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PBoC Warns of Telecom Fraud With e-CNY as Pilot Scheme Expands

In the wake of China introducing an anti-telecom internet fraud law for crypto, it is now drawing attention to similar crimes being committed with its central bank digital currency (CBDC), the e-CNY. According to a senior People’s Bank of China (PBoC) official, there are now more than a million criminal suspects that are engaged in online fraud activities in China resulting in more than CNY100 billion loss per year.

Mu Changchun, the director-general of the PBoC’s Digital Currency Research Institute (DRI), made the point in a Modern Banking journal article touching on “controllable anonymity” as a feature of the e-CNY to meet people’s growing demand for privacy protection.

He said that though less data is being collected from e-CNY users unlike traditional banks, its degree of anonymity need not be too high. This is to prevent new soil for criminals, he states. It will also stop a large number of illegal transactions from flowing as electronic payments into the CBDC. If that happens, it will make the e-CNY become a tool for fraud and other crimes like online gambling, money laundering, drug trafficking and even terrorist organization crime.  

The e-CNY needs to guard against risks such as telecom fraud, Changchun noted. also said the PBoC will respect the privacy of e-CNY users and protect their personal information as they focus on preventing telecom fraud risks while meeting anti-money laundering and anti-terrorist financing requirements.

Last month, the Supreme People’s Procuratorate of China issued the Anti-Telecom and Internet Fraud Law to tackle associated crimes. It seeks to prevent, and punish telecom network fraud activities and strengthen efforts against them like helping individuals to carry out activities like money laundering through cryptocurrency. It seems the scope of interest is shifting to the e-CNY which has been reported used for illegal activities in several cases.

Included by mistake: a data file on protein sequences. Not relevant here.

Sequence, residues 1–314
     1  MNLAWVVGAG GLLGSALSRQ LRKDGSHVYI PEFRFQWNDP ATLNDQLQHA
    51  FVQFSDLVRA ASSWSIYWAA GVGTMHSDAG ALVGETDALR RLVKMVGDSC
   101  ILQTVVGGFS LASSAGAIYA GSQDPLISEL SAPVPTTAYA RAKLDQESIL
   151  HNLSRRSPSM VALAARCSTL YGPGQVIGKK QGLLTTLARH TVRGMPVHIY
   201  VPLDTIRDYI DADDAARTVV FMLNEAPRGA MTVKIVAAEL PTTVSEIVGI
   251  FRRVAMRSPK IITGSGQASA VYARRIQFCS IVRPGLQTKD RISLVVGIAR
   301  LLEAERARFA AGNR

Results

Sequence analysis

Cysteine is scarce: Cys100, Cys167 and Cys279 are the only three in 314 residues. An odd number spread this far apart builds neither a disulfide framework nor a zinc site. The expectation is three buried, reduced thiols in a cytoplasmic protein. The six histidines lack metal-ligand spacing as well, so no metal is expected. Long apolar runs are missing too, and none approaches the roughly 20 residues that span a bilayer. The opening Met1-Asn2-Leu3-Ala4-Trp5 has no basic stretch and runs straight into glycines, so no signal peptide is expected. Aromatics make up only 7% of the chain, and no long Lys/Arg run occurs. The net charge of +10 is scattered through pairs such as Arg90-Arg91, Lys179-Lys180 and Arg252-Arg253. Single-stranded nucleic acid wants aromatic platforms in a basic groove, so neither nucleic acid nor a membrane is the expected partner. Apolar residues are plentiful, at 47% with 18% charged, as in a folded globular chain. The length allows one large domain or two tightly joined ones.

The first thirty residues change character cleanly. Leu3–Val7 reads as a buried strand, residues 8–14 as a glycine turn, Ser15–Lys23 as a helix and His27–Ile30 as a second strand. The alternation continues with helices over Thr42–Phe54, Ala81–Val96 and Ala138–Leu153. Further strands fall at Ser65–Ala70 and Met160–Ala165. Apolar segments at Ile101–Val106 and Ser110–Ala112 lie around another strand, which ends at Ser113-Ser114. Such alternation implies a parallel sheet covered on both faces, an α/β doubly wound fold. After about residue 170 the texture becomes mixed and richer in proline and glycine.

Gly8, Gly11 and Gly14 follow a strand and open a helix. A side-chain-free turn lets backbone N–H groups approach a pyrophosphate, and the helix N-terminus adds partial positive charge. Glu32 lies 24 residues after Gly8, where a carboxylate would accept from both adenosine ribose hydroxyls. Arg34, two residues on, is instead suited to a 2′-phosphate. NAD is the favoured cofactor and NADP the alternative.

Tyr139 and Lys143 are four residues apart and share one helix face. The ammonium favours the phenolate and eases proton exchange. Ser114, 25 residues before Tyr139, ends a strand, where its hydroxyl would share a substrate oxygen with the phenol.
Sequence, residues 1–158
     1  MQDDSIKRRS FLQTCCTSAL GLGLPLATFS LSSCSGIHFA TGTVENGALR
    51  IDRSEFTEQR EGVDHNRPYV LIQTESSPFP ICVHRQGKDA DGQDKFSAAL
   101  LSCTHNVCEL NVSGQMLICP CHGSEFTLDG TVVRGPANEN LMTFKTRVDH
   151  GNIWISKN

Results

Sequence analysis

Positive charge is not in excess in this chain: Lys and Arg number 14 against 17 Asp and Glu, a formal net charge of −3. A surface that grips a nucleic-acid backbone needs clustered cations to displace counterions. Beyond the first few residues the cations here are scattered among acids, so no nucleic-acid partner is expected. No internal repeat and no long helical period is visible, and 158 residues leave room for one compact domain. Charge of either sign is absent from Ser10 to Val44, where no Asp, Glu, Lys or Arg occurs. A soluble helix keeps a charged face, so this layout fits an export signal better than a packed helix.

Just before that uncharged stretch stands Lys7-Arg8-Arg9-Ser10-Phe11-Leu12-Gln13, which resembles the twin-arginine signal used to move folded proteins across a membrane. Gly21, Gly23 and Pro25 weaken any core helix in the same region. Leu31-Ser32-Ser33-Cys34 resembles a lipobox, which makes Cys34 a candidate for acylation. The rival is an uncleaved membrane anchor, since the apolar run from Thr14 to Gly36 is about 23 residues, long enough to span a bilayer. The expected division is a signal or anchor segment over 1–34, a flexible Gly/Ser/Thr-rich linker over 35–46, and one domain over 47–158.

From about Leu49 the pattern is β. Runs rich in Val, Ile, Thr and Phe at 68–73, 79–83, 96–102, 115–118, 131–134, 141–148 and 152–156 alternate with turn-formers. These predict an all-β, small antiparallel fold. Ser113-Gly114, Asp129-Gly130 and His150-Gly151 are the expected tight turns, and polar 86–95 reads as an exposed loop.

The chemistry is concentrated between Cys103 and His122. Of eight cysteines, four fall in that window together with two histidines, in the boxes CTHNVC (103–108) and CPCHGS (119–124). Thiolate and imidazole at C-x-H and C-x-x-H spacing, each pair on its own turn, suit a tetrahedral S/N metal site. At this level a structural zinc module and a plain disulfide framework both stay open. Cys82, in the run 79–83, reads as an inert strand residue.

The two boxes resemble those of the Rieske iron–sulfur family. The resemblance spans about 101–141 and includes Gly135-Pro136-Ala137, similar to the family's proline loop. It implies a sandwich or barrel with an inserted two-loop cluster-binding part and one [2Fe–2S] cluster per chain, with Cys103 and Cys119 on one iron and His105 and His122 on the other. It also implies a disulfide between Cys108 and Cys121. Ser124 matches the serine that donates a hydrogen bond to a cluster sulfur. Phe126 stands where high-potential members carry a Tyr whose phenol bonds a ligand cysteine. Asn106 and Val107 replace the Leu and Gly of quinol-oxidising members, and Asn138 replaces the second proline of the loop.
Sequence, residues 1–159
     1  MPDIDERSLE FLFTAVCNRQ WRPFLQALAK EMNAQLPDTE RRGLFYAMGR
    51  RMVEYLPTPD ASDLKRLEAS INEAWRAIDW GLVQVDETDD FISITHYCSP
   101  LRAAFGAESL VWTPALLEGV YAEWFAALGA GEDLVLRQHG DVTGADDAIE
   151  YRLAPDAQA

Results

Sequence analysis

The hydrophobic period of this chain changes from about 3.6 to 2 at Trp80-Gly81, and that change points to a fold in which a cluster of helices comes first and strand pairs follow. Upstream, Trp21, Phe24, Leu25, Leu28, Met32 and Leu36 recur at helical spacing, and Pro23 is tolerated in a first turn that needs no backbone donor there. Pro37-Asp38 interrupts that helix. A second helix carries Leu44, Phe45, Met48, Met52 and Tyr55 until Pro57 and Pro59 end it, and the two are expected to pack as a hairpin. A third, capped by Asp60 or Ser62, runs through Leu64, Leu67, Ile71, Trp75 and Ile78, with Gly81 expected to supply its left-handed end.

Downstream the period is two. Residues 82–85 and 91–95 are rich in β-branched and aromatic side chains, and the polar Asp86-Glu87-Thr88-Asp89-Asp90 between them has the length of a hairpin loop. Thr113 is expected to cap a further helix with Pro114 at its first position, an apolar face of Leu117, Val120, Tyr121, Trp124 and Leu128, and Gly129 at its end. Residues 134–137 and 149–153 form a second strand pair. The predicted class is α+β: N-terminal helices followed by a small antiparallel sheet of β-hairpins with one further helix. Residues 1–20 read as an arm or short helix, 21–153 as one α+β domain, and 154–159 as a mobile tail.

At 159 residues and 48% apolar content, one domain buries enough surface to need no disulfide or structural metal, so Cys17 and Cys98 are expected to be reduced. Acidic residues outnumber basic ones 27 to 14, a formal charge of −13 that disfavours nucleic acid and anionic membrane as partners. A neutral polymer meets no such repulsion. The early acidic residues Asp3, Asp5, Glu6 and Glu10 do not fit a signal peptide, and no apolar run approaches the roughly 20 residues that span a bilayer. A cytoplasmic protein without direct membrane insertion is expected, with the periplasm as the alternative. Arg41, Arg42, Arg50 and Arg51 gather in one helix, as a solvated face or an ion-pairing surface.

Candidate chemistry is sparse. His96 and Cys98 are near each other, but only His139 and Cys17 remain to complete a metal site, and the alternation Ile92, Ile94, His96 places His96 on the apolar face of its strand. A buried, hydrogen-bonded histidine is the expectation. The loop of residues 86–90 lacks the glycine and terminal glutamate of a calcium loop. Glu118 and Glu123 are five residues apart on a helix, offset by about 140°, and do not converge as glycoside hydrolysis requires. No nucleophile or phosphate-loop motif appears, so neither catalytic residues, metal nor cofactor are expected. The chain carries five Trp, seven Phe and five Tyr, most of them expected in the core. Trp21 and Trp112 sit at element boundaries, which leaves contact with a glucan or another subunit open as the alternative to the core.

In November, police in Inner Mongolia busted an e-CNY fraud case in which a suspect, surnamed Gao, was arrested in one of its largest cities, Baotou. Police said the tele-scam involved about CNY8 million (US$1.25 million). 

Last month, Chinese police in southeastern China city of Longyan arrested 20 suspects for reportedly engaging in a CNY200 million (US$28 million) money-laundering scheme involving the country’s central bank digital currency. They suspects were accused of running illegal fund settlement services using e-CNY and digital tokens for overseas gambling and telecom scams.

At a time when the yuan was reported to have gained traction globally in 2021—- with cross-border settlements growing 29% by value from the previous year—-the digital currency version being used for any scam-related activity is not a good fit for China’s effort to promote its currency’s use globally.

According to the PBoC’s 2022 RMB Internationalization Report, the growing use of the yuan across borders grew to CNY36.61 trillion ($5.12 trillion) last year—CNY18.51 trillion in receipts and CNY18.1 trillion in payments.
Meanwhile, Changchun’s article is also coming as efforts to keep testing the digital currency across China mainland continues. Fan Yifei, a PBoC deputy governor, announced at a digital finance forum in Suzhou last month that the e-CNY trial program will be expanded to cover four provinces where regional pilots have been taking place. They include Shenzhen in Guangdong province, Suzhou in Jiangsu, the Xiong’an New Area in Hebei, and Chengdu in Sichuan where pilot schemes had been started in 2019.

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